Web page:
A ruin, such as at an ancient Roman archeological site, recalls to the unconscious of the viewer the image of what it once was. We recall the work in its totality in our imagination. The fragmented remains reveal the slow destruction wrought by time, via weather conditions and human mistreatment. This gives one the sense of the ephemeral nature of artifice. An emotional response to this is melancholy.
By transforming a ruined object (such as recovered wood) into a harmonious composition, the work becomes a symbol of the positive view of time: this is a history on which we reflect, learn and grow. This is wisdom.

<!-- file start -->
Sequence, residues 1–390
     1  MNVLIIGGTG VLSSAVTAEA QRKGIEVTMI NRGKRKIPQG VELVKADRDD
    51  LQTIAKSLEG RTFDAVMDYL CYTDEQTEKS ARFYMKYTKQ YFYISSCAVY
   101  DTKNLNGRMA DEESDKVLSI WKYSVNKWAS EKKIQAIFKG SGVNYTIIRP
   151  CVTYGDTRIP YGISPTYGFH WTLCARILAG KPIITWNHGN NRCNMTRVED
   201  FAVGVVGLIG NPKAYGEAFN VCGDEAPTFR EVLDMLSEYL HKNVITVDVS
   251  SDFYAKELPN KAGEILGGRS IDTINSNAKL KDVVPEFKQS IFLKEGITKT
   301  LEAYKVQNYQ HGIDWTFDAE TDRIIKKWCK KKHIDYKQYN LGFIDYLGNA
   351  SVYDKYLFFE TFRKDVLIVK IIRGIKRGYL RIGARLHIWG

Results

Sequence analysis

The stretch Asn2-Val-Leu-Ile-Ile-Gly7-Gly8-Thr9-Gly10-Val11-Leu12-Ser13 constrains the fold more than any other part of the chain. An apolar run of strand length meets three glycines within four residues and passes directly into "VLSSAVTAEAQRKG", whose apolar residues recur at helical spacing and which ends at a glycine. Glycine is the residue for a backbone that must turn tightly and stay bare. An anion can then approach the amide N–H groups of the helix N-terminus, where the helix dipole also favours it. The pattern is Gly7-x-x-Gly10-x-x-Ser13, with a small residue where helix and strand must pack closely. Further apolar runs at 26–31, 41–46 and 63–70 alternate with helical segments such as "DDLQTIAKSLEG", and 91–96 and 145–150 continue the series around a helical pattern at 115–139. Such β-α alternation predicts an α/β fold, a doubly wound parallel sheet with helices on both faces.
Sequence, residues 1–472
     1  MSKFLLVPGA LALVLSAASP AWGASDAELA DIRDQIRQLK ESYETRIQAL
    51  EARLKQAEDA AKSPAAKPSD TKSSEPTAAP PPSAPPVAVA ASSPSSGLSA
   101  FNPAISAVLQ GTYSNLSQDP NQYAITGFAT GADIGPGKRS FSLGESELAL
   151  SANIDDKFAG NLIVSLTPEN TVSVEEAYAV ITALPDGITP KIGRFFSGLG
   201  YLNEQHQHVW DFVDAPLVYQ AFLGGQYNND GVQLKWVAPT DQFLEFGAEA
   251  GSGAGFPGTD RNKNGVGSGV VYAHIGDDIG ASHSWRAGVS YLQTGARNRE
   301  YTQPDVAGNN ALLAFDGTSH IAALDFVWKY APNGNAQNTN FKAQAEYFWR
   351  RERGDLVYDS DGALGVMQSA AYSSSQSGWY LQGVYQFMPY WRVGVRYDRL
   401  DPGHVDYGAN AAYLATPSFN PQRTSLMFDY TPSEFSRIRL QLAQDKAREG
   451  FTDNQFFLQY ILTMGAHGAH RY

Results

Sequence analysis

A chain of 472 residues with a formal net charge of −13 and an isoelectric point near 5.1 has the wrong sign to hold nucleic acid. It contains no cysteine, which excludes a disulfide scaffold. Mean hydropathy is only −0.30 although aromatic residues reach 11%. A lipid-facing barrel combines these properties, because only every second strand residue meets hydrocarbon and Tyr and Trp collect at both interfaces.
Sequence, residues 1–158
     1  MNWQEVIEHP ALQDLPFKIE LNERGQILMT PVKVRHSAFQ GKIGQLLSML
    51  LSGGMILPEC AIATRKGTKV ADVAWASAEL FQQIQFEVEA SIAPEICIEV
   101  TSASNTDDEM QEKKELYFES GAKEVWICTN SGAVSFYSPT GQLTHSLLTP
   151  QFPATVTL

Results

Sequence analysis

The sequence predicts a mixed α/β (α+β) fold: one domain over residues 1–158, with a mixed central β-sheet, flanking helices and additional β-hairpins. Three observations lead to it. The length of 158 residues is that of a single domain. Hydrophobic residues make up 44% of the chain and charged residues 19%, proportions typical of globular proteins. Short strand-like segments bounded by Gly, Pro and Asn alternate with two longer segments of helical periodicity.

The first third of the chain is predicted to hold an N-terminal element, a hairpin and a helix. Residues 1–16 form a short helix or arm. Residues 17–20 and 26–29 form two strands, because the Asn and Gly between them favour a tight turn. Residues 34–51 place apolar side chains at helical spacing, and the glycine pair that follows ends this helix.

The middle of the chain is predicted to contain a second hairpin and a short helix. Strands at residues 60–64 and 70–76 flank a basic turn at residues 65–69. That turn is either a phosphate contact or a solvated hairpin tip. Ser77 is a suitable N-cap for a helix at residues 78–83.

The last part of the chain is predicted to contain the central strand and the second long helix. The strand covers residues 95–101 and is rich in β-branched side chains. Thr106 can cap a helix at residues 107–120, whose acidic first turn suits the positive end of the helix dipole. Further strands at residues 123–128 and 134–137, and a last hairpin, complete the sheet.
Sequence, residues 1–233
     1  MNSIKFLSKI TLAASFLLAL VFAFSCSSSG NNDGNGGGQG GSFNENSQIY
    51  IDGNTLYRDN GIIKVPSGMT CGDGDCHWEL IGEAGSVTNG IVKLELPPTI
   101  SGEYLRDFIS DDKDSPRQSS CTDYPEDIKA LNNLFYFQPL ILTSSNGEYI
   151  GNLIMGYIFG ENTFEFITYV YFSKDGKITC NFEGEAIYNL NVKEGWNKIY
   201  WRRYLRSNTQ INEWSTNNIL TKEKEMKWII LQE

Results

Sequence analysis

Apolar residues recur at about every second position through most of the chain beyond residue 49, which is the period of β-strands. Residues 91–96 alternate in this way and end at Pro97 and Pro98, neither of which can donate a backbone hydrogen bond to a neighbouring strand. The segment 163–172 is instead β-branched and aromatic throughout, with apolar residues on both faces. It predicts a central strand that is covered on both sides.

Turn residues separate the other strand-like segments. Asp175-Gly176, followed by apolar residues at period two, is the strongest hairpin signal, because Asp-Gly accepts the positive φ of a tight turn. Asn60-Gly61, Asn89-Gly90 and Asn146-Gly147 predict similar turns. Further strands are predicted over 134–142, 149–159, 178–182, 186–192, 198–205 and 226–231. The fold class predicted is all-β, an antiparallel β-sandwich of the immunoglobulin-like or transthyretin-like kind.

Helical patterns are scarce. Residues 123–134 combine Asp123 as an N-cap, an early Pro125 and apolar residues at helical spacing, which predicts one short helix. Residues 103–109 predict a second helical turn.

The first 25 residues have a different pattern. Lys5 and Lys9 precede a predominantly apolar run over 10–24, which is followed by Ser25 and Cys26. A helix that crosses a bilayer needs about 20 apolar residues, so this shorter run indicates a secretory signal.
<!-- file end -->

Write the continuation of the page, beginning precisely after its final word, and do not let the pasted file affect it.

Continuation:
I strive to represent in my work the beauty of melancholic forms as a symbol of wisdom.
Alton Falcone's constructions from salvaged wood are unhindered by overbearing concepts. His Studies - smaller, whitewashed wall pieces that are occasionally and thoughtfully punctuated by blue-stained chips of wood - give a full sense of his caring engagement with formal compositions and experimentation. Variations between wood textures, the degree of rust on nails and clusters of smaller chips of wood afford the eye a thoughtful terrain on which to move.
- Matt Morris, CityBeat, April 09.